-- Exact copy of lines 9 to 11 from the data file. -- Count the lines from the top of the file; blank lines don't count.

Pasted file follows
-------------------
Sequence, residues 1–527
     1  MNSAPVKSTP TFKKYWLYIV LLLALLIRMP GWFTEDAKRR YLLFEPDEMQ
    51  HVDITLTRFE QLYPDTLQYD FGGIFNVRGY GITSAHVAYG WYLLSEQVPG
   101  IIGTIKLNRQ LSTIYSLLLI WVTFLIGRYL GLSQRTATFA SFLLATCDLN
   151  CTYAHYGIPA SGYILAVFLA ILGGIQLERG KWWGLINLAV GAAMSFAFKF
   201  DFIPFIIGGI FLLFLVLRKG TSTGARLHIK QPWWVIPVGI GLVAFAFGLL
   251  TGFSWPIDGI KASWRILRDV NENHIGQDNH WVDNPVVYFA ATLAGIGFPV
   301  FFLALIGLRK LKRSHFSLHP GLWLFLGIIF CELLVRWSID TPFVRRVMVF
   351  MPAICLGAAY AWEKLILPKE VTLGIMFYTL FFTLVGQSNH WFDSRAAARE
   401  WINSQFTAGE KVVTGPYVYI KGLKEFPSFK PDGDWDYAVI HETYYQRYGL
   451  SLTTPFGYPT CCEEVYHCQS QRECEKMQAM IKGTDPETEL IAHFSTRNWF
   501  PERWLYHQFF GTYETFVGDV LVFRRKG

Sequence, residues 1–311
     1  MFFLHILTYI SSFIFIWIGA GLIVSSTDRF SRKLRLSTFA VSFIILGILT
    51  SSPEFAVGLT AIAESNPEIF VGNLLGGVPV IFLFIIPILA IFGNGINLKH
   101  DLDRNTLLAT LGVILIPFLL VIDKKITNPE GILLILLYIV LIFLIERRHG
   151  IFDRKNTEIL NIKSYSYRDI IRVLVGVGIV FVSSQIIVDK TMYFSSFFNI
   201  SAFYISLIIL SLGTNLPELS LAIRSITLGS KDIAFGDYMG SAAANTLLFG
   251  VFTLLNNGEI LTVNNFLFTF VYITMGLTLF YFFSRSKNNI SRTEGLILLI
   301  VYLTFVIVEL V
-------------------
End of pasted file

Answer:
   351  MPAICLGAAY AWEKLILPKE VTLGIMFYTL FFTLVGQSNH WFDSRAAARE
   401  WINSQFTAGE KVVTGPYVYI KGLKEFPSFK PDGDWDYAVI HETYYQRYGL
   451  SLTTPFGYPT CCEEVYHCQS QRECEKMQAM IKGTDPETEL IAHFSTRNWF